The butcher’s bill Posted on May 18, 2011

It’s still too soon to have a final body count, but there are a few victims of last winter I’m sure we shan’t be seeing again. Acacia pravissima, for example, the mimosa with odd square-shaped blue leaves, was always a long shot, even tucked into our south-westest corner by the thatched barn, sheltered on all sides. Minus ten was too much to ask.

A much greater cause of grief, and also surprise, was a long-established bush of Ribes sanguineum, the red-fuchsia-flowered gooseberry from California, discovered, like so many things, by Archibald Menzies early in the 19th century. Bean said it was hardy in the open at Kew; here it had a super-snug berth. Could cold perhaps not be the culprit? Drought, maybe?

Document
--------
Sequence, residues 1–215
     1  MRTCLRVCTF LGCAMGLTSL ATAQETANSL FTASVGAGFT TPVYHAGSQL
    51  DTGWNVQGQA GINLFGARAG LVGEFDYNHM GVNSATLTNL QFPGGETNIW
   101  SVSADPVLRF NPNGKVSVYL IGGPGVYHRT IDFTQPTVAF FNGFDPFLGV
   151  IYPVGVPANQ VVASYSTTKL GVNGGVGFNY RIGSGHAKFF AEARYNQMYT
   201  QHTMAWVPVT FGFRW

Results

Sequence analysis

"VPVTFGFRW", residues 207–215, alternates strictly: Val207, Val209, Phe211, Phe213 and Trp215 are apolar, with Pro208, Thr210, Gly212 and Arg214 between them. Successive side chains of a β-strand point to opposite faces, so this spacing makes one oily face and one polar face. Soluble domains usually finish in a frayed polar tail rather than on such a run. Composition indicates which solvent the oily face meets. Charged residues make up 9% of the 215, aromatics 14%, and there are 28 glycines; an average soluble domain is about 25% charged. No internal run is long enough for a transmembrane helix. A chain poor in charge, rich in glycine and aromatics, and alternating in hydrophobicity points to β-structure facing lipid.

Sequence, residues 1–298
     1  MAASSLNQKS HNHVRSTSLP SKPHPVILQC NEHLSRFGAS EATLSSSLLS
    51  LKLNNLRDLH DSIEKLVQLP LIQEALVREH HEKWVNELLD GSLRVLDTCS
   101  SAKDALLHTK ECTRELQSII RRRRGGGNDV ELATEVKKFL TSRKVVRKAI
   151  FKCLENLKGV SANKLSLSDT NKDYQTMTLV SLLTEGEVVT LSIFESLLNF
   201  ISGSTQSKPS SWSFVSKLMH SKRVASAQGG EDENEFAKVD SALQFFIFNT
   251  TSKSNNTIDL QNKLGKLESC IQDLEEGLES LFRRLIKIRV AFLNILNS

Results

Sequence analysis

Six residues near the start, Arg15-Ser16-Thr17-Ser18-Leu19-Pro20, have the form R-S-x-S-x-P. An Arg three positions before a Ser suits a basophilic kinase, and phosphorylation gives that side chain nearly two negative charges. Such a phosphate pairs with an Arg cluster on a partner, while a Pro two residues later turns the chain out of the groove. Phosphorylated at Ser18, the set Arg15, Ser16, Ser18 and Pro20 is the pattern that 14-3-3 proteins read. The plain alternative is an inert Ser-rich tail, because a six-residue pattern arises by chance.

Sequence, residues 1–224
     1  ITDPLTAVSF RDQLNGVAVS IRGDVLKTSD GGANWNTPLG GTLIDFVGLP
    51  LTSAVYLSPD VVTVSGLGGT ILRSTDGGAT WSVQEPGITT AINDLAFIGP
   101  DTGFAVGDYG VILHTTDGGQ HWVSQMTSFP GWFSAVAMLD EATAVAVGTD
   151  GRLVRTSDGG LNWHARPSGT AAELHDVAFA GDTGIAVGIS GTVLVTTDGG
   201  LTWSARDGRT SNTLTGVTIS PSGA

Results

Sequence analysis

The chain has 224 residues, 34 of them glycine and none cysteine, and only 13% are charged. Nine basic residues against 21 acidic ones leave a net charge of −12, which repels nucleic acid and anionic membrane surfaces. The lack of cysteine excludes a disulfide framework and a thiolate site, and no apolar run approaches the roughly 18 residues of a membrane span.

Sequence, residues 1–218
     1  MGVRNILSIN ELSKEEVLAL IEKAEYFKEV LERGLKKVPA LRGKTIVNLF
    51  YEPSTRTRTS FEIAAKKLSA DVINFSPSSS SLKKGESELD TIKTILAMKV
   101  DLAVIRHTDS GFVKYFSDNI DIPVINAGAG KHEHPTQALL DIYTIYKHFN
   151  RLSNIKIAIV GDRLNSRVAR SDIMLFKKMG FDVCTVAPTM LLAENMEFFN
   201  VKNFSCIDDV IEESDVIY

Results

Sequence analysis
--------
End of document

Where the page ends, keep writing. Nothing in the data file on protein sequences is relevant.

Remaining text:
Meanwhile I’m fairly sure we won’t see a reprise from the majority of hebes, nor from an only recently planted Hoheria ‘Glory of Amlwch’. New Zealand doesn’t see winters like this. Goodbye, Pittosporum tenuifolium. Farewell, Hebe salicifolia (I always thought you were a toughie).

I’m more sanguine about Escallonias, though, and delighted that Abelia triflora, a pale droopy bush, exquisitely scented, is completely unharmed. Its predecessor was eliminated by the winter of 1982/83. In fact my impression so far is that that was a damaging winter here in Essex.

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